“It’s a quick start to what union leaders hope will be an aggressive labor agenda.”

That is how The Wall Street Journal described the three pro-union executive orders signed by President Obama on January 30, 2009. It was indeed a productive day for unions, who have lobbied for significant pro-union legal reform from the new administration and the new Congress. Most concerning for employers, these executive orders are likely just a harbinger of things to come.  

The first executive order requires employers with federal contracts above $100,000 in value to post a notice in the workplace informing their employees of their rights under the National Labor Relations Act (NLRA), including the right to join a union. This order also repeals Executive Order 13201, issued by President Bush in 2001, that required federal contractors and subcontractors to post so-called “Beck notices.” Such notices, named after the Supreme Court’s decision in Communication Workers v. Beck, 487 U.S. 735 (1988) informed employees covered under the NLRA that they could not be required to join a union or maintain union membership in order to retain their jobs and that employees who are subject to a union security clause and choose not to be union members may object to the purposes for which mandatory union dues are used.  

The second order applies to federal contractors who provide services to government buildings. While there are several exemptions, under this new executive order, when a federal agency changes contractors, the new contractor will be required to offer jobs to the non-supervisory employees of its predecessor. This order is designed to try to ensure that when a unionized contractor is replaced, its successor will be obliged under existing labor laws to bargain with the original contractor’s labor union.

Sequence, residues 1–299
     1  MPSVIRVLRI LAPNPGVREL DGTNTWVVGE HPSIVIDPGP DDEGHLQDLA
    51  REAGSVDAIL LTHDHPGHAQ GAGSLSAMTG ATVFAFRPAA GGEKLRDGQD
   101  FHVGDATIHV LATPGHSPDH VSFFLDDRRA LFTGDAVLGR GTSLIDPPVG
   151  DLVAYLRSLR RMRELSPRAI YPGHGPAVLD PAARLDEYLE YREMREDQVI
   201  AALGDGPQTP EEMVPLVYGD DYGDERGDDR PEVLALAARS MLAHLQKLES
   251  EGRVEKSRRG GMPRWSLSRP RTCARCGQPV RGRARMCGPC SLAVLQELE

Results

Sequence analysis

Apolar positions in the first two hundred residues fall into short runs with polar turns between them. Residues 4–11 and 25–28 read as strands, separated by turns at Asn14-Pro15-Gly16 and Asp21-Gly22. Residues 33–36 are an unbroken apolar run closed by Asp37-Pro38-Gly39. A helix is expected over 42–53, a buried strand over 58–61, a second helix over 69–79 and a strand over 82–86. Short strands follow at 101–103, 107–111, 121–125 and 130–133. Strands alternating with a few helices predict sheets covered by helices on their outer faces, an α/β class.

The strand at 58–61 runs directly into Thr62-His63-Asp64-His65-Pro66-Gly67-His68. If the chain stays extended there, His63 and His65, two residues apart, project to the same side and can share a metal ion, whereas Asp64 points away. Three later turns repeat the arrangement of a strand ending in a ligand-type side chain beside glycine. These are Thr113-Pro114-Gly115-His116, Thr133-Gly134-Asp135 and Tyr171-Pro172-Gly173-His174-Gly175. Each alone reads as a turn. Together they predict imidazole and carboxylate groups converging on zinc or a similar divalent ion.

Finally, the third order prevents federal contractors from being reimbursed in federal funds for money spent to oppose (or support) union organizing efforts among their employees. The First Amendment prevents government from interfering with an employer’s right to voice its opinion on the merits of unionization. Similar measures have been enacted in some states, with respect to their state contractors, but the Supreme Court ruled in 2008 that California’s law to this effect was invalid because it was preempted by the National Labor Relations Act. Although a federal executive order is different than state legislation, there may be legal challenges to this executive order’s constitutionality, including a possible violation of the First Amendment. Unless and until the order is successfully challenged, however, federal contractors who still wish to oppose union organizing campaigns will need to consider the effects of this order on their ability to continue doing so without jeopardizing their federal contracts.  

While these three new executive orders apply only to federal contractors, President Obama and many members of the Democratic majority in Congress promised during their election campaigns to do even more to change the labor law landscape for all employers—to help unions in their attempts to organize employees. This first step by the President is further evidence that significant change is coming to the labor laws in the very near future. At this point, employers should consider what steps they can lawfully take to prepare themselves for those changes and the increase in union organizing that is certain to accompany them.